• If there are any changes required to either of these documents, please click on this link, which will take you to a page where the changes can be set out by reference to the question in the Application, or the clause number in the draft Orders.  Once completed, please email this document back to this address.
  • If (or once) no further changes are required, we ask that you print off all three documents and follow the following instructions for their execution:-
  1. Apart from the last page, the draft Application for Consent Orders does NOT need to be signed.  Please just keep a copy for your records.
  1. On the last page of the Application for Consent Orders, you will find a page entitled “Statement of Truth of Applicant”.  This needs to be signed and dated at the bottom by the Applicant.  The Applicant will also need to tick all of the boxes that apply.  For example, if parenting orders are being sought, tick box 8. if financial orders are being made, tick box 9, as per the below.
  1. For parenting orders – I have read and considered sections 60B, 60CA, 60CC, 60CH, 60CI, 61DA, 64B, 65DAA, 67Z and 67ZBA of the Family Law Act.
  2. For financial orders – I have read and considered in the case of a marriage section 72, section 79, and subsection 75(2) and where there is a superannuation interest, Part VIIIB of the Family Law Act and in the case of a de facto relationship section 90SF, section 90SM and where there is a superannuation interest, Part VIIIB of the Family Law Act.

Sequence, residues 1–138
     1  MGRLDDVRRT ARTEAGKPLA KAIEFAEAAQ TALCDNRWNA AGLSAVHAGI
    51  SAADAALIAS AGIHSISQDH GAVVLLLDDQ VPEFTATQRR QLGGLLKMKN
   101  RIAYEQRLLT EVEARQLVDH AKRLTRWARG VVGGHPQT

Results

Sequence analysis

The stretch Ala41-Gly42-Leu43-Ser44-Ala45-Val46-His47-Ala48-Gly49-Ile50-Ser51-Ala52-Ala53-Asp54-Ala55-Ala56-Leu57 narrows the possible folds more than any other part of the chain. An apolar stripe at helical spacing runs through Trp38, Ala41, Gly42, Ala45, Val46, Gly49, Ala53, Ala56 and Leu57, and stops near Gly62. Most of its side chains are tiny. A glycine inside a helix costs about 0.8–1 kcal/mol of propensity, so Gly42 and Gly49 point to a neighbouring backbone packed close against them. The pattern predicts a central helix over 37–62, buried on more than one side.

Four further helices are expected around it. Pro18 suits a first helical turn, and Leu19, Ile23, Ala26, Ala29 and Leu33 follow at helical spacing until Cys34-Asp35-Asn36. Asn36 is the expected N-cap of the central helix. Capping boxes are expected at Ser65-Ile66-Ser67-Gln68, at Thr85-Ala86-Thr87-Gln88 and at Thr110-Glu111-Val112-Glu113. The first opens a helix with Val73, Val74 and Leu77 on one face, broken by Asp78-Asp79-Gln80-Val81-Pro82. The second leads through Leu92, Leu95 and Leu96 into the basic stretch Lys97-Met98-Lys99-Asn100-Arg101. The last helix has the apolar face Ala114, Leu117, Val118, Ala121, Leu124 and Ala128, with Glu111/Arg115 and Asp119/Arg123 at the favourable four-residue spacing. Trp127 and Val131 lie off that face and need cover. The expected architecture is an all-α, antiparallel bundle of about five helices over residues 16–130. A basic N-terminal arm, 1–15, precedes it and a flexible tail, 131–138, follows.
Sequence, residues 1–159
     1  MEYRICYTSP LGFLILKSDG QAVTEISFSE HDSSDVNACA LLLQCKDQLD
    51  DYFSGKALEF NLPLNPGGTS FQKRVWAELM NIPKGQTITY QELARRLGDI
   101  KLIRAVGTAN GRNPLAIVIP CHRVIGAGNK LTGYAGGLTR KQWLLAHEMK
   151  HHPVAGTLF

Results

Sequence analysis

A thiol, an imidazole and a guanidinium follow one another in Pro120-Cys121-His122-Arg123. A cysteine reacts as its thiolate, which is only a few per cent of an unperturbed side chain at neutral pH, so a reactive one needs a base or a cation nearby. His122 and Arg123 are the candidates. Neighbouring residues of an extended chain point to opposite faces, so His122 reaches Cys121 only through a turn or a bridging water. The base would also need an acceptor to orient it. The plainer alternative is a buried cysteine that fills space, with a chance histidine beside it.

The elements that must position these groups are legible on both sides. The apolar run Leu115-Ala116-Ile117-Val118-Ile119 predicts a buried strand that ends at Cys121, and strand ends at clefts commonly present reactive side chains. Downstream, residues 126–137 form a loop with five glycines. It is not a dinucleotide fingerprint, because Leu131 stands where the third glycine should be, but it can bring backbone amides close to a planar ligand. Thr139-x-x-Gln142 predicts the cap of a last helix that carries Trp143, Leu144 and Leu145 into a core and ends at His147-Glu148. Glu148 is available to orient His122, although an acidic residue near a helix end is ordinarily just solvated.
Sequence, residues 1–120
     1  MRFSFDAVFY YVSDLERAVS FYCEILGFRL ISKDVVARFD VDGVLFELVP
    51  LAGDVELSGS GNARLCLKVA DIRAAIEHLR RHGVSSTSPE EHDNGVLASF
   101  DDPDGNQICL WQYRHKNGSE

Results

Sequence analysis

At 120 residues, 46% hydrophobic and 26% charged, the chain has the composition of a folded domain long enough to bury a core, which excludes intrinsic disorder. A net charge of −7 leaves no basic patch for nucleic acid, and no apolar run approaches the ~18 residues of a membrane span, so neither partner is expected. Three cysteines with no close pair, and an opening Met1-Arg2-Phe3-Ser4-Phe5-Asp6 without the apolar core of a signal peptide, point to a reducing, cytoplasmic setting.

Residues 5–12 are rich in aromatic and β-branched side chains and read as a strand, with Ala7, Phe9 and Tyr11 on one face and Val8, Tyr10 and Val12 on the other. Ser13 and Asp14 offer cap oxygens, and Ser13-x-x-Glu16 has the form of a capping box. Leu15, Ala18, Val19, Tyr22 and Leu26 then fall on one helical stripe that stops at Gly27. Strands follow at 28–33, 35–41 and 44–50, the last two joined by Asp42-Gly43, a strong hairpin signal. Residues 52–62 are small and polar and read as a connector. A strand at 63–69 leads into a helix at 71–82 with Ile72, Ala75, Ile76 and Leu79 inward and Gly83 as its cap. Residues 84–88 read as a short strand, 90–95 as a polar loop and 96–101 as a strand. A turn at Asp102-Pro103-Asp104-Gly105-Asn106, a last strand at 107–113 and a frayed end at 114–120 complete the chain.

If you have not read and considered the relevant sections of the Family Law Act, please click on this link, which will take you to the Family Law Act, 1975.

  1. The Statement of Truth of Respondent must be signed and dated at the bottom by the Respondent.  Again, the Respondent will also need to tick all of the boxes that apply.
  1. Both parties must then sign and date each and every page of the draft consent orders at the bottom of each page, wherever there is space.  Both parties must sign the same document. You can however have one party sign it, and then email it to the other for signature, just as long as there is one document submitted with both parties’ signatures on it.

For your reference, here is a link to the sections of the Family Law Act to which the Statement of Truth makes reference, if you are not already familiar with these provisions.

Once you have signed the draft consent orders, and the two Statements of Truth, you need to scan and email the signed documents back to us.

We will then collate all the documentation and submit it to the Family Court for the consideration of a Registrar in Chambers.